Those little rubber (non captive) caps on the wheel cylinder bleed valves - they were always missing after a fluid change.
Gearbox plugs were just tossed onto the ramps too - threads rolling in the grit just transfered there by the tyres.

I`m starting to sound negative - Sorry ;-)
to change the brake fluid or not to change? - quizman
I agree with you oilrag, I've seen filthy oil jugs being used at garages with all sorts of muck going into your vehicle. That is why I like to do oil changes myself, but the trouble is I don't feel confident to do a brake fluid change.
Is it easy to change the fluid yourself, or will the bleed nipples break off, or will air get in, or will I get in a right old mess?
to change the brake fluid or not to change? - madf
DIY brake fluid change is easy with axle stands . A hands free bleeding kit (check they fit the neck of your master cylinder) is very useful.
But mine does not fit the Yaris so I do it manually using a long stick twixt clutch and seat to hold down pedal down when closing off the valves. I also use a one way valve in the rubber attached to the bleed screws.

A bit of penetrating oil round the bleed screws and care means the last one I broke was on a 1968 Mini (they rust badly)..

A job for a clean dry garage on a warmish day.
to change the brake fluid or not to change? - George Porge
tinyurl.com/2qxjcn

tinyurl.com/aoz3nm

A couple of links worthy of a peruse
We took a capri RS3100 round castle combe. New brake fluid? nope at least 4
years old. The brakes failed.
reason? the pads got so hot they glazed then broke up then fell out. The
brakes were so hot they couldnt be worked on for two hours. Brake fluid boiled?
nope.


Now given the above links and pad / fluid temps stated and your stated 2 hour rest period before the brakes could be worked on are you still implying the fluid never boiled in the Capri?

I'll let other backroomers make up their own minds.

My last post on the subject ;o)
to change the brake fluid or not to change? - Altea Ego
Now given the above links and pad / fluid temps stated and your stated 2 hour rest period before the brakes could be worked on are you still implying the fluid never boiled in the Capri?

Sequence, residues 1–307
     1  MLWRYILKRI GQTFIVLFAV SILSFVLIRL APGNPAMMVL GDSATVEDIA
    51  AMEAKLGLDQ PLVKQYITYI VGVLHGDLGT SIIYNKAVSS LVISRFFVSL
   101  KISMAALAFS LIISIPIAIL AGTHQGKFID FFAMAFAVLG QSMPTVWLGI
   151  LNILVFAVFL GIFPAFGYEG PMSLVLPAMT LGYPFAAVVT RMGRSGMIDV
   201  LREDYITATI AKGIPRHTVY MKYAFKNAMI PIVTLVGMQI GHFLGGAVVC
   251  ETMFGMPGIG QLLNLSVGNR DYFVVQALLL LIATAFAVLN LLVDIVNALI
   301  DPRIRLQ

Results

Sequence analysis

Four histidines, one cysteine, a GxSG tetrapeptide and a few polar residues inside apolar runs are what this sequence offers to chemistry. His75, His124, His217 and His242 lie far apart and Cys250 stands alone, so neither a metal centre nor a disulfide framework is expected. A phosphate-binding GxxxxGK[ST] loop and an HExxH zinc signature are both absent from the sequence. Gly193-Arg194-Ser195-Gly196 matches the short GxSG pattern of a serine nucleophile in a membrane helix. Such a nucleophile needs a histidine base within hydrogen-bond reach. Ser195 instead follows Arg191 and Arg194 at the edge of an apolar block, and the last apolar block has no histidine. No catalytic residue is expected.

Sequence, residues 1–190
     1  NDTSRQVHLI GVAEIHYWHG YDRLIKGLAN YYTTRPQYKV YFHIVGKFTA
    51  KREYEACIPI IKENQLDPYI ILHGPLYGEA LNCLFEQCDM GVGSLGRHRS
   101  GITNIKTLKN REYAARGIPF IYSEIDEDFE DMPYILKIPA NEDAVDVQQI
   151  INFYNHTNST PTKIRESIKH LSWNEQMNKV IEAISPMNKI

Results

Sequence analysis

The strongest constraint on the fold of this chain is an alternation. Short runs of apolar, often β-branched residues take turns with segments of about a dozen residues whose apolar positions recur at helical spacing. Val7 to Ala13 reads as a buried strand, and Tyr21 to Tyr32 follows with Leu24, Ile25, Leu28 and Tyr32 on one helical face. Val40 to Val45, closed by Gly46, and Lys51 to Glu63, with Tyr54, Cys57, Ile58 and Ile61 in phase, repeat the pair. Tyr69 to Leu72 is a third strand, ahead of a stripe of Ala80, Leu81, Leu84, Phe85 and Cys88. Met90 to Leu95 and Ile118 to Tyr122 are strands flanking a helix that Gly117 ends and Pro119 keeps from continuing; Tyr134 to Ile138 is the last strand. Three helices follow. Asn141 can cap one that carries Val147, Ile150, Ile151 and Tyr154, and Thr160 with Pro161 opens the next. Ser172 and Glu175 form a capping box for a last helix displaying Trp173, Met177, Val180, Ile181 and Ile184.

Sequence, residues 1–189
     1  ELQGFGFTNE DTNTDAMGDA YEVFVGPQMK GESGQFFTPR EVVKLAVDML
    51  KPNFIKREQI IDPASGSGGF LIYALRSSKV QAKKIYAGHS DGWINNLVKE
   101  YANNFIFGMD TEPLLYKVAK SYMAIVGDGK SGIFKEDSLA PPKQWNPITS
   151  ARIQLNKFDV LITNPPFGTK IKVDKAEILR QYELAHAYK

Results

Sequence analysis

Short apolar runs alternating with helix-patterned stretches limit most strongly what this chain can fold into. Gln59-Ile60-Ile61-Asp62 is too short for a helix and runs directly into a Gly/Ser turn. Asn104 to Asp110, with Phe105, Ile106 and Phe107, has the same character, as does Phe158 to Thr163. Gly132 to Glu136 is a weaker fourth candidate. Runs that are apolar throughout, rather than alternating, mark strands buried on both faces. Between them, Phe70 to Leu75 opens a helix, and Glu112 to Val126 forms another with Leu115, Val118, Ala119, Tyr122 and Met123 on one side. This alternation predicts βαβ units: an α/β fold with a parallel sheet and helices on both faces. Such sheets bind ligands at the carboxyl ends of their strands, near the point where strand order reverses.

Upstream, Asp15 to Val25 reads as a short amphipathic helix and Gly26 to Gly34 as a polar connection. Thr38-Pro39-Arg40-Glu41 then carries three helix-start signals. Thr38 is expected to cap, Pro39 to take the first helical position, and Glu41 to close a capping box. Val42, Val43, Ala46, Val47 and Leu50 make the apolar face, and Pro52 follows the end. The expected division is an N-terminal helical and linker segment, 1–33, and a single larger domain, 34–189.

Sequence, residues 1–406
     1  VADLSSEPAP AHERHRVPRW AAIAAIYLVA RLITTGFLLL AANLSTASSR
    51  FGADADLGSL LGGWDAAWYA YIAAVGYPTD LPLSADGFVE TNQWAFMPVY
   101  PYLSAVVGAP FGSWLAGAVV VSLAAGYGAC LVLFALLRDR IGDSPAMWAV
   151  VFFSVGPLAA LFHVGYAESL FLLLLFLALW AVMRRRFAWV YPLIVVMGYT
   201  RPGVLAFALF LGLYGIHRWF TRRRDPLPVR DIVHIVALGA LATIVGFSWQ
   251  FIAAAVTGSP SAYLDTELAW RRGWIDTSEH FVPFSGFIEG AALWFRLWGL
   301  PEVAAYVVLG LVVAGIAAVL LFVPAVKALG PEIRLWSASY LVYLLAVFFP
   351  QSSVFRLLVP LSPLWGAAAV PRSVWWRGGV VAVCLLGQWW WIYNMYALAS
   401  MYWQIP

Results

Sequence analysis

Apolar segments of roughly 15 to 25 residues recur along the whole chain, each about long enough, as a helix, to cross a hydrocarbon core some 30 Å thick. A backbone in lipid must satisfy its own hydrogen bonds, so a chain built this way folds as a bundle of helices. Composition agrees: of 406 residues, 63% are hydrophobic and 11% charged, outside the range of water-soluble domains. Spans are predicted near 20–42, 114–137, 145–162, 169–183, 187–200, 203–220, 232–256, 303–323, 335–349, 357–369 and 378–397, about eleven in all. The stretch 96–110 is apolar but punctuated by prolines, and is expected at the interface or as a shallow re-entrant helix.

Yes

Next?
to change the brake fluid or not to change? - madf
Since the brakes were inoperable, how the poster knew the fluid had not boiled is beyond me.

Of course, if he's sitting waiting for steam from the master cylinder then rofl
to change the brake fluid or not to change? - Altea Ego
Since the brakes were inoperable how the poster knew the fluid had not boiled is
beyond me.


Because i was driving it and you were not. The brakes were fine before the pad material broke up and fell off. you can kind of tell, one minute they work and the next they still work but very noisily.
Of course if he's sitting waiting for steam from the master cylinder then rofl


ROFL

(not)
to change the brake fluid or not to change? - motorprop
Just got my 04 Nissan X trail 2.5 auto back from the annual service / MOT, my first major service for it : I read the manufacturer's handbook and for a ' level 3 ' service they recommend changing the brake fluid, so added that to the list given to the garage . Collected the car today and when settling the bill, the garage owner said that ' normally ' a brake fluid change is ' £70 - £80 ' , although I paid a bit less, not sure exactly how much as it was a compounded total price .

How long will it take 2 mechanics to do ( they have 2 mechanics plus the boss , it's a small indie in an industrial area of West London ) ??

I mainly went for the fluid work as it's a part of the recommendations and partly down to the comments I read on this thread.


the total bill for a full service ( but without oil / filter as I had them done elsewhere a month ago ) and MOT was £265, which isn't too bad,

Edited by motorprop on 28/01/2009 at 16:07

to change the brake fluid or not to change? - harib
Mycar (Seat Leon) is about 2 weeks away from its 2 year service. Looking through the details in the service book, it says that the brake fluid must be changed every 2 years. I assume that this is a VAG thing rather than just a Seat thing. So if I refused to have it done, would it invalidate the warranty?
to change the brake fluid or not to change? - Dynamic Dave
A lot of manufacturers recommend 2 yr changes, not just VW.
to change the brake fluid or not to change? - quizman
VW say that the fluid should be changed after 3 years on a new car and then every 2 years.